Spring Toxins for Pets – Chocolate & Lilies
Spring has just arrived. The sun is shining, the flowers are blooming and the chocolate bunnies are hopping their way into our homes for Easter. Although we love the taste of chocolate, make sure your pets cannot get a hold of it.
Chocolate contains toxins called methylxanthines, such as theobromine and caffeine. The darker the chocolate, the greater chance of danger to our pets. As little as 2 oz of milk chocolate can cause illness such as vomiting or diarrhea in a 10-pound dog, and possibly even heart abnormalities. In contrast, 2 oz of semi-sweet chocolate is potentially fatal for the same dog without quick treatment. Vomiting and diarrhea could be seen in the same dog with as little as ½ oz of semi-sweet chocolate, or ¼ oz of baker’s (unsweetened) chocolate.
If you are worried that your pet may have eaten chocolate, call your veterinarian for guidance right away. Signs of chocolate toxicity include vomiting and/or diarrhea, increased thirst, excessive urination, panting, restlessness and increased heartrate. More severe cases would include muscle tremors, seizures and heart failure.
Depending on the situation, you might be advised to induce vomiting at home with a 50/50 mix of hydrogen peroxide and water (about 1 tsp per 10 pounds of body weight). However, if your pet is already showing some advanced signs and symptoms of poisoning (e.g. panting, seizures), DO NOT induce vomiting. Get emergency veterinary treatment at once.
Another concern to be aware of this spring is the toxic effects of one of our most beloved springtime flowers, the lily. Day lilies, Easter lilies, stargazer lilies, Asiatic lilies, tiger lilies, and other plants that belong to the same family are extremely toxic to our cats. Some plants that have the name “lily” in them – such as lily-of-the-valley, peace lilies, calla lilies – may not cause the same toxicity as the others, but may cause other types of toxic effects.
Pet Safety in Hot and Humid Weather
Summertime brings warm weather to be enjoyed by everyone, including our pets. However, warm weather can bring health risks to your pets. Being aware of these risks, as well as how to prevent them and help to manage them should they occur, can sometimes mean the difference between life and death.
The weather dangers in the summer are not strictly related to heat. In fact, heat and humidity combine to create unhealthy weather.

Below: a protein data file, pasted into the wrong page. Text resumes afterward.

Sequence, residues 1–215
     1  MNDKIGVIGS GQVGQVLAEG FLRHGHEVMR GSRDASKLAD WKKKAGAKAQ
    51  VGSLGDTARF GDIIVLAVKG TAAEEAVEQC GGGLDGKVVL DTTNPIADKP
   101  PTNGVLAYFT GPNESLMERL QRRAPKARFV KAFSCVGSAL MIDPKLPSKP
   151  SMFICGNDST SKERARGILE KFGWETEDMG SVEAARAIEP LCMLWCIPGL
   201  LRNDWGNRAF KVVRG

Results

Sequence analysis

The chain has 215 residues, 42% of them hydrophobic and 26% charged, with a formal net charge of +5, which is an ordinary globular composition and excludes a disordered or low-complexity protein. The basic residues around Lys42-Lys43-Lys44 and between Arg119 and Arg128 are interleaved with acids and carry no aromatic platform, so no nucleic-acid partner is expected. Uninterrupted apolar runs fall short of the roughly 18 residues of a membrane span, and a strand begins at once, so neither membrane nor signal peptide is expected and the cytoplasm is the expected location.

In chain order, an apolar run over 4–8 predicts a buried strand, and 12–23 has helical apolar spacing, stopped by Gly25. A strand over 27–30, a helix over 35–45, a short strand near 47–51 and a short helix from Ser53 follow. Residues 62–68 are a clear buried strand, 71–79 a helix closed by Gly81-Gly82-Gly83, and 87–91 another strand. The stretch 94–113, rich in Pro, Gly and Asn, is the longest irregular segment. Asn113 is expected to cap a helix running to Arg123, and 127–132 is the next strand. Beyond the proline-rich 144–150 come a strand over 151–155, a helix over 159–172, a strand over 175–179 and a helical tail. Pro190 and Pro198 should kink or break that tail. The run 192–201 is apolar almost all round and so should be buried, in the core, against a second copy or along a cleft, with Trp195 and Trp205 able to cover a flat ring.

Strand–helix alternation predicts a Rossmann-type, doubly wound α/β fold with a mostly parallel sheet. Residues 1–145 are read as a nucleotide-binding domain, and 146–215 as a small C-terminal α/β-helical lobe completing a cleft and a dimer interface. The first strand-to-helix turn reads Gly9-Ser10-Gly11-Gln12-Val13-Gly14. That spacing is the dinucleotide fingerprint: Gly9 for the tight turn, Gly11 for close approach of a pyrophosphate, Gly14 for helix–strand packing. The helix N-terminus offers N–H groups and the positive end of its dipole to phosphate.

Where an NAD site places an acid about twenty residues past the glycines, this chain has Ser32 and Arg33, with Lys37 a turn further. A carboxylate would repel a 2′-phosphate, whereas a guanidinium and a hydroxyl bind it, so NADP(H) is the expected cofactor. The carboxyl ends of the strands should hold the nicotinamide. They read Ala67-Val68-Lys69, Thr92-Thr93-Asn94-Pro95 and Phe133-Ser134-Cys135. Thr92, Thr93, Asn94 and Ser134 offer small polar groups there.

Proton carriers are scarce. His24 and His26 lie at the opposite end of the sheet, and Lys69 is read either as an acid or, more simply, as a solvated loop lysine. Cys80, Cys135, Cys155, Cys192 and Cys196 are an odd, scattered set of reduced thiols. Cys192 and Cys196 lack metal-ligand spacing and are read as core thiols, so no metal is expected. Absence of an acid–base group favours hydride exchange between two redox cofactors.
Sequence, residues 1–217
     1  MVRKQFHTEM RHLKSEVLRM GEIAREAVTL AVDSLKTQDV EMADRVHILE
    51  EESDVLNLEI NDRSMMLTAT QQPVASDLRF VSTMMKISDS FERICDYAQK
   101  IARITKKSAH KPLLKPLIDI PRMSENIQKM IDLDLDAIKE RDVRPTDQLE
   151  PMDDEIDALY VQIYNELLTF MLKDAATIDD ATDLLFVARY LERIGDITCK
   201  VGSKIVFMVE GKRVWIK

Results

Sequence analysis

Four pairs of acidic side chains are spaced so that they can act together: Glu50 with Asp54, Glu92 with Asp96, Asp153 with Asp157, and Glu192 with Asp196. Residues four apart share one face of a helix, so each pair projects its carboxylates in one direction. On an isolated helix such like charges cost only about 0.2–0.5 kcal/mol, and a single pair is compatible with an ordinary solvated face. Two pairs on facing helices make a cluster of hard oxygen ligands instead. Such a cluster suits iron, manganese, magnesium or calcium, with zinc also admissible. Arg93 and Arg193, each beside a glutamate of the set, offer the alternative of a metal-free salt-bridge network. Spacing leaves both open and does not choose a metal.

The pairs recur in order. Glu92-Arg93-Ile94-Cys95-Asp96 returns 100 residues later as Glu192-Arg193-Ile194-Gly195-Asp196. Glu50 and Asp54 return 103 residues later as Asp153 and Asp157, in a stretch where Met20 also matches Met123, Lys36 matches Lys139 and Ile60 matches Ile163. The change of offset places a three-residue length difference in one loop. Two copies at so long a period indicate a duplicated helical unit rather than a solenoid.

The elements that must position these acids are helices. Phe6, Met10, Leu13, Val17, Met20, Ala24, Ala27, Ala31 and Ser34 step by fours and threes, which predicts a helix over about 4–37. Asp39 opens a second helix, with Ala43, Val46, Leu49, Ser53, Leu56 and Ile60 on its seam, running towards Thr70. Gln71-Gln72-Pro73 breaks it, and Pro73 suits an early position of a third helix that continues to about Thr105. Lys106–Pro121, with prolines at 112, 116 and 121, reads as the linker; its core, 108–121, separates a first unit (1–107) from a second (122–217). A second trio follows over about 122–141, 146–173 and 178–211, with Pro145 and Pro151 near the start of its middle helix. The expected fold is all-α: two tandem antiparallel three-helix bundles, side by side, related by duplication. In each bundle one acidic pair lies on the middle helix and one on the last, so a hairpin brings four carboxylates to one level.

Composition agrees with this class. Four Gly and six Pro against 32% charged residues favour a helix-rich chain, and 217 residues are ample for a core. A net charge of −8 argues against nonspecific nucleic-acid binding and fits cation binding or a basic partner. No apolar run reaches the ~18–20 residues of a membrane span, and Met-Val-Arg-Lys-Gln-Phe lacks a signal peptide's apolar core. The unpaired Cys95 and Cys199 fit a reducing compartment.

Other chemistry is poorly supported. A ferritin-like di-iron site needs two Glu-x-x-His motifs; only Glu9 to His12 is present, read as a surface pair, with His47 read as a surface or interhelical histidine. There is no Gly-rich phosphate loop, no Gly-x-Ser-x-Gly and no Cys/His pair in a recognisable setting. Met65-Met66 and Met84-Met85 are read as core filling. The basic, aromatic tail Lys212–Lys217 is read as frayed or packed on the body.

This chart developed by the National Oceanic and Atmospheric Administration (NOAA) shows how the combined effect of heat and humidity creates a more significant health hazard than either by itself.
A frequently used calculation to determine the level of risk with the weather is to add the temperature (in degrees Fahrenheit) and the percent humidity. For example, if it is 80o F, and 70% humidity, the result is 150. If this total number is greater than 140, the risk for heat-associated events is high, and the activity or exercise should be reconsidered.
This is especially true for dogs with pre-existing respiratory problems such as laryngeal paralysis, tracheal collapse, stenotic nares; and for breeds with shortened noses, such as Boston terriers, Pekingese, Shih Tzu, pugs, bulldogs, and Lhasa Apso dogs
Every year, hundreds of pets die of heat-related complications after they were left in parked cars on warm days. A recent study on heat stress from enclosed vehicles showed that the internal temperature of a parked car can rise 20o in just 10 minutes, and in an hour, can increase over 45o F. What's more, cracking the windows to allow for cooling did not significantly slow this heat rise down (it only slowed the heat gain by about 1/4o every 5 minutes). In the summer, our pets are much better left at home to help avoid this dangerous situation.
Pancreatitis - A Problem Many Pets Suffer From During the Holidays
One of our favorite holidays is just around the corner, and many pets will be included in the festivities. After all, how could you resist a cute face looking up at you at the Thanksgiving table?
Stop - Don't Give In!
Be careful when feeding turkey and all sorts of other delicious foods as treats or meals this Thanksgiving. In addition to the risk that bones from meats can cause, the oils and fats in some of the food (especially turkey drippings) can cause a condition called Acute Pancreatitis.
The pancreas is a small organ, but plays a big part in digesting food. When the pancreas gets irritated, it can cause your pet to become very sick. Pancreatitis can be life-threatening and must be treated by your veterinarian.